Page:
27. In my point of view you wanted, by your strong composition, to directly and efficiently lead the eye of the viewer of your photo onto your main subject, the coffee maker/seller. To achieve this goal and to also give your image more depth and more strength, you used a wide angle lens that made the framing of your subject even stronger. So the main leading line, the arm of the buyer getting his coffee, gets relatively bigger, as well as the coffee equipment, and the green recipient on the left that all contribute to funnel the vision of the viewer, by also setting strong limits that prevent him from gazing elsewhere. Then in post you gave more light to the coffee seller so him to stand out more in the picture as the main subject. And added some, but less, of it, to his equipment on the right and to the green pot on the left to make them more powerful to funnel even more efficiently the vision of the viewer of your strong and beautiful reportage photo, as well as made right at “the decisive moment”.

  28. What works is the framing, layers, depth, light crystallizing, action, story, and drawing the viewer to a place, time, and action. The story of making and then the progression and anticipation of the delivery of a great cup of coffee. The picture is static in sharpness but leads the mind on an imaginative journey and as if the coffee were coming our way. I can smell it.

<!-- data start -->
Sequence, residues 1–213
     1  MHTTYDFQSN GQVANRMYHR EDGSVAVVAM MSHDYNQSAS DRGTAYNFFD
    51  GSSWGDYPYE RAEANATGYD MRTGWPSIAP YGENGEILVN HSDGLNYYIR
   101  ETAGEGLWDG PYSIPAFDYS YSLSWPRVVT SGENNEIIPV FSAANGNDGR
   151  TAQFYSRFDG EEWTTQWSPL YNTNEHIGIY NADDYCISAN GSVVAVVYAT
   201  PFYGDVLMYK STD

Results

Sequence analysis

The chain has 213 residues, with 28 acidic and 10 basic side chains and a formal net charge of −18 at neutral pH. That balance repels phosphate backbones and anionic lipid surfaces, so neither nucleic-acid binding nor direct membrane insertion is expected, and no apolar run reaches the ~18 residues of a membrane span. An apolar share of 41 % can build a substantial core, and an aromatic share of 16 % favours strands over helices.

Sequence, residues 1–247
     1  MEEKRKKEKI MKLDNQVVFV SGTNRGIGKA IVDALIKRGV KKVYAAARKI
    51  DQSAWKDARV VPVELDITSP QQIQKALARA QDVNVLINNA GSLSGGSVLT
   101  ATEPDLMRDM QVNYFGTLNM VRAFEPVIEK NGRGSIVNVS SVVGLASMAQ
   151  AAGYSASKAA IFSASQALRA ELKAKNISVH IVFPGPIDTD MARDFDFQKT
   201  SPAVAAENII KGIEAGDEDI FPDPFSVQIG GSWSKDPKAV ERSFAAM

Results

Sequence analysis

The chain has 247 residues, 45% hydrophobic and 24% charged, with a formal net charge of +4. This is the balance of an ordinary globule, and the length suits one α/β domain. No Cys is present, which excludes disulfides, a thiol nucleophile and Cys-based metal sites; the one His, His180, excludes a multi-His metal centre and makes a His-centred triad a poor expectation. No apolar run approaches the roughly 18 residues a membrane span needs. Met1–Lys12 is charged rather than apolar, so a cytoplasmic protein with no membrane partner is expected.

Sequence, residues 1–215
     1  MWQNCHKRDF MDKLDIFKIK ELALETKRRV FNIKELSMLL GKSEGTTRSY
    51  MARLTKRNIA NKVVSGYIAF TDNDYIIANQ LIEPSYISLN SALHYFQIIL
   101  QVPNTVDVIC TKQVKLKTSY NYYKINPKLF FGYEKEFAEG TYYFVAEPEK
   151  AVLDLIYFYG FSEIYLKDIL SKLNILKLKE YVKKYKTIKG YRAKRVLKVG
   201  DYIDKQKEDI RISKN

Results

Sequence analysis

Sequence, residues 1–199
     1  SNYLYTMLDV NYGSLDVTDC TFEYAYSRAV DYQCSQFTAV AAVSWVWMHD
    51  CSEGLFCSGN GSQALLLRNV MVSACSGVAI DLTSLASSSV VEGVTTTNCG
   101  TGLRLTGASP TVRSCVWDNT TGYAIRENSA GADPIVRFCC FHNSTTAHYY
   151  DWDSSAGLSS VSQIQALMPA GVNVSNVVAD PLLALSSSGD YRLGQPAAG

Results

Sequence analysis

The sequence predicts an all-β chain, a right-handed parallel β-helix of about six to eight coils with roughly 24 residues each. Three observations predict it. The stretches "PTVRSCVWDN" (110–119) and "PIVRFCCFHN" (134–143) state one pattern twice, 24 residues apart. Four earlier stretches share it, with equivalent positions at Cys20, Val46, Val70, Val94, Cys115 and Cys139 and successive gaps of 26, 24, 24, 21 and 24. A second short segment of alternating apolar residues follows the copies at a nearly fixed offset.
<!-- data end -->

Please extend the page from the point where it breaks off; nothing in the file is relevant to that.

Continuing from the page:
29. In shooting the photo you decided to focus in such a way as to get the hand holding the cup and the man pouring the coffee as the focal point of your photo and in fact tunneling the viewer to this “picture” or focal point. Not knowing the amount of light you were working with i am assuming that you selected an f stop that would give you maximum depth of field for your point of focus and shutter speed that would both freeze any motion (as the water even looks good) and give you the depth. If I were taking this photo there is not a thing I would have changed in composition as it tells the story one wants. If you had moved a bit to the right you might have cut out the second bottle a bit more as it is a bit distracting or maybe you could have removed both wine bottles by adjusting position just a bit, I would not have however. In the digital darkroom you dehazed the photo a bit, sharpened it to bring out detail perhaps using a mask to bring out detail on the face, as there is software that allows one to use focal point masks for such purposes and you darkened the photo a bit. What I might have done different is to use a vignette or edge darkening on the left or cropped in a bit on the left to get that second bottle. The whole goal of this scene is to use the hand holding the cup to draw the viewer to the man making the coffee so all of the post processing focused on this “tunneling of the image” . My guess is using focal point masking to nudge the image.